Why Complaining is Just a Big Waste of Time
Liz KanoyWhat topic related to Christianity, faith, and the Bible is trending online and in social media today?
- 2016 Sep 26
When someone asks you how you’re doing, what’s the first thing you do? I usually rack my brain for any positive or negative things I have going on that I would want to share with this person. And unfortunately, most of the negative things take the form of complaints. I have this ailment going on, a frustration with another person, or a state of busyness that hasn’t calmed down. But there’s a difference between complaining and simply telling someone about a negative thing that’s going on in your life. Do you feel like it’s unfair, are you reacting in frustration or anger, or do you want the other person to make you feel better and make you feel justified in your complaint vs. humbly telling someone what’s going on and asking for prayer or advice.
Matt Rogers, pastor and writer for The Blazing Center, has written an article on TheBlazingCenter.com titled “Complaining Isn’t Authentic, It’s a Waste of Time.” Your first reaction may be “ouch!” or maybe even “amen!” but either way Rogers has some excellent points to share with us. He states,
“Since sin invaded the world, we’ve all had issues doing everything without complaining or grumbling (Phil. 2:14). But lately, it seems that we’ve begun to celebrate complaining as a virtue rather than a vice.”
Sometimes complaining or grumbling comes so easily that we don’t even notice we’re doing it. Christians strive to be honest, especially with our close family and friends and people in our Bible study. When we’re really comfortable our honesty can sometimes take the form of complaints because it’s how we’re really feeling. What we need then is for someone to humbly admonish us and prayerfully guide us.
Rogers writes, “Maybe you’re like me and find complaints are second-nature. If so, here’s a few thoughts or practices I’m starting to put in play in my life.”
Here are 3 practices from Rogers' article that will help us reevaluate our posture of complaining:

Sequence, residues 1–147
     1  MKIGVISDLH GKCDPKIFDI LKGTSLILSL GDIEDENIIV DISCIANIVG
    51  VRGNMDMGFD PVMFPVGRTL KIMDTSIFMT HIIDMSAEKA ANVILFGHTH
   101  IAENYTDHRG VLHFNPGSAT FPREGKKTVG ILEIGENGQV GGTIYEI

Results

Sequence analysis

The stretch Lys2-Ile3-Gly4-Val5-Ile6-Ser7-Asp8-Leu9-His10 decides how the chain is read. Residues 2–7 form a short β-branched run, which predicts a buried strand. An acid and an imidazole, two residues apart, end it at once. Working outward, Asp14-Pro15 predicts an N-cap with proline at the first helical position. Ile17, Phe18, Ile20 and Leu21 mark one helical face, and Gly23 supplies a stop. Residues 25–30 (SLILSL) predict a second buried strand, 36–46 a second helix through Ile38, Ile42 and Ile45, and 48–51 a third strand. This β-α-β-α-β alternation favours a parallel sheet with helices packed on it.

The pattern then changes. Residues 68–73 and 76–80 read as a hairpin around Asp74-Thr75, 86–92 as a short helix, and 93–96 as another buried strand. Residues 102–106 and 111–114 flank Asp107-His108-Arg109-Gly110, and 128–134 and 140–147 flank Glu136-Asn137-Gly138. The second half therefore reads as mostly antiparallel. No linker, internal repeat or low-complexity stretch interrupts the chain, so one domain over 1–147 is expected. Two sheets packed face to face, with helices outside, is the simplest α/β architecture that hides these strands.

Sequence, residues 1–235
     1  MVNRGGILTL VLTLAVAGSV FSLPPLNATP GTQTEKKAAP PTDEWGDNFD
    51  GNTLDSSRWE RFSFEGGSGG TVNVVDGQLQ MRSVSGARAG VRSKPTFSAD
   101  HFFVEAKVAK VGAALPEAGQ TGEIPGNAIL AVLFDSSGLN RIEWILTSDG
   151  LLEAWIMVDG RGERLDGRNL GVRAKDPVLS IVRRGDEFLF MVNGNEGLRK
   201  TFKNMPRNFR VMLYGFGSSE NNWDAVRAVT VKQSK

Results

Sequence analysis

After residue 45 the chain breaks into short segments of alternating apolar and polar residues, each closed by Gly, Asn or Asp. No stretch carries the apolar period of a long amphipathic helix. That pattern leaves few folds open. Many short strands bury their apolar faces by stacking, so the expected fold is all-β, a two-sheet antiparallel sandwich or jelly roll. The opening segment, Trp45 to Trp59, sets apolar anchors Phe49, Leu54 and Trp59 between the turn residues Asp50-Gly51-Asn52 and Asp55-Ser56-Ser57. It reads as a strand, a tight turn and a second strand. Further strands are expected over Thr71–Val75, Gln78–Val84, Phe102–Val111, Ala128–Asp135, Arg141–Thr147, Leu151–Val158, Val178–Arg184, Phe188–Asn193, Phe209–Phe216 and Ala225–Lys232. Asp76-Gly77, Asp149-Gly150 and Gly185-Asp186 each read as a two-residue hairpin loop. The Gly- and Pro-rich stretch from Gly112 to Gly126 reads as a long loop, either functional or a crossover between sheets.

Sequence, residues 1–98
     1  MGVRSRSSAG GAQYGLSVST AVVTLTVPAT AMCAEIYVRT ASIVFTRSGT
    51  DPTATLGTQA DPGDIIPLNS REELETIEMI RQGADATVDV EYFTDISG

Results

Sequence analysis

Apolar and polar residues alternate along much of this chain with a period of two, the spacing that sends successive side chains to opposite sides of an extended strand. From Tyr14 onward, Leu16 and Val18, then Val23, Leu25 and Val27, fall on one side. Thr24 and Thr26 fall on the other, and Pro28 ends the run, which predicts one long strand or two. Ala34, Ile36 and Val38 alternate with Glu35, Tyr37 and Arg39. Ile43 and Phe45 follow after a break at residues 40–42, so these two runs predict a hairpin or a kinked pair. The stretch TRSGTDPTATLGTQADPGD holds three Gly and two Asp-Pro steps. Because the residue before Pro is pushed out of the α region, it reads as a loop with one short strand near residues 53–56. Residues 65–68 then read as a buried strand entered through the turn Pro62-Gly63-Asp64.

1. Start your day by prioritizing praise.
Maybe you get up early every morning for a quiet time with God, but then you find yourself complaining in prayer. Maybe you’re not a morning person, and it’s all you can do to rush to get ready in the morning. Or maybe you get up in the morning but there are so many thoughts whirling in your head that you don’t even think about pausing before rolling out of bed. Prayer time with God in the morning is wonderful, and it can be humbling depending on where your focus is. Rogers says,
“I’m learning to pray prayers that celebrate God’s character, his grace through Christ, and his goodness in my life. And then I need to stop for a while. Later in my day, I can pick up my list of needs, and intercede on behalf of others, once I’ve prioritized praise.”
Make it a goal this week to get up 5, 15, 45 minutes early—whatever you can do—and spend time in prayer simply praising God, thanking Him for who He is and for this new day He has given you. If you forget one morning, do it as soon as you remember, talk to God on your commute. Let’s start our day giving all praise to the One who is worthy of it.
2. Recognize that life will be frustrating.
This is a hard one … we know that life will not be perfect on this earth or even peaceful or comfortable. But that doesn’t keep us from trying to weed out frustrations. Rogers says it best, “Complaints spring from a heart that thinks it deserves better.”